CAUTION! When using blenders or food processors to puree the soup, do not fill up the container. Only fill it 1/4 to 1/3 full before turning on the device. Hot soup will expand when you turn the machine on. Often this results in hot soup spewing out the top of the machine. This will make a huge mess and could even cause burns and injury. It is best to blend hot soup in batches. Another safety measure is to throw a towel over the lid and hold it down while blending.
Straining the Puree
For a smooth puree, strain the puree to remove lumps and larger particles. Most kitchen strainers are fine enough to use with most pureed soups. Although, fine mesh strainers are best if you want a really smooth soup.
Once you have the pureed vegetables, you may need to add liquid or thickener to the puree to get the desired consistency.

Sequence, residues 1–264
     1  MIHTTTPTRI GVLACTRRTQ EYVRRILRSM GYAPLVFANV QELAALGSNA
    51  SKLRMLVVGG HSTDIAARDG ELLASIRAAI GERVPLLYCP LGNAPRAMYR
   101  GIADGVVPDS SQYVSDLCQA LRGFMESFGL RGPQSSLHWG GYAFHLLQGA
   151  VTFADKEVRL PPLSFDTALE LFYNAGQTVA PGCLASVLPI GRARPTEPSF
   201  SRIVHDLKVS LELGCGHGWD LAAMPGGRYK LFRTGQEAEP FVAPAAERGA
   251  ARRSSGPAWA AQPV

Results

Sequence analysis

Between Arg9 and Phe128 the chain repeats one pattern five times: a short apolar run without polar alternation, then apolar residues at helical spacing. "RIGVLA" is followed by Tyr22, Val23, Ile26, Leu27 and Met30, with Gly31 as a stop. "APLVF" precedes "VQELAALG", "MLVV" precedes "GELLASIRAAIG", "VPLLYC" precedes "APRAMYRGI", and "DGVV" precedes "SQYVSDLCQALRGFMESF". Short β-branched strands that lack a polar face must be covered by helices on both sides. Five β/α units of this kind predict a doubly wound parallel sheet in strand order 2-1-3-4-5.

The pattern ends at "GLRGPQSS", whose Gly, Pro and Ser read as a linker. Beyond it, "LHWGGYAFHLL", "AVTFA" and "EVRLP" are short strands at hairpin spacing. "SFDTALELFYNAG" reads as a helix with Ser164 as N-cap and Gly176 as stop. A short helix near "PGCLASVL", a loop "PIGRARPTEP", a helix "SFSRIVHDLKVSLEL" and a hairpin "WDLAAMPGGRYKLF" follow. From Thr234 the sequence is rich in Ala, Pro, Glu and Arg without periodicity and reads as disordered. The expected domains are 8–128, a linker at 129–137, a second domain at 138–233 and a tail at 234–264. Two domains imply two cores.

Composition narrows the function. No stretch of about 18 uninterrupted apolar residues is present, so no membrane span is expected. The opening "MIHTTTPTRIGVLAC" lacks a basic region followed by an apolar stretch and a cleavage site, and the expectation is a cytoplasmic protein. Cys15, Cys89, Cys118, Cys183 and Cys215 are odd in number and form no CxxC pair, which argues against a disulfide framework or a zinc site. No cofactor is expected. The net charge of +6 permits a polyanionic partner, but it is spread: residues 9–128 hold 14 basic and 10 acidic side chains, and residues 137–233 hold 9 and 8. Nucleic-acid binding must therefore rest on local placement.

If the puree is too thick, put the puree in a pan and add back some of the retained liquid from earlier. Then simmer for a few minutes to reconstitute everything.
If the puree is too thin, use any of the thickening methods discussed above.
Pureed soups are a great-tasting way to get good nutrition. They are a staple for people who have swallowing difficulties or those recovering from surgeries. These soups are also served by some of the finest restaurants in the world.
It is also easy to make pureed soup at home. Following these steps, using good ingredients, and having the right gear makes it even easier.
Have you ever made pureed soup at home? Tell me about your experience in the comments below. Do have any tips or recipes you’d like to share?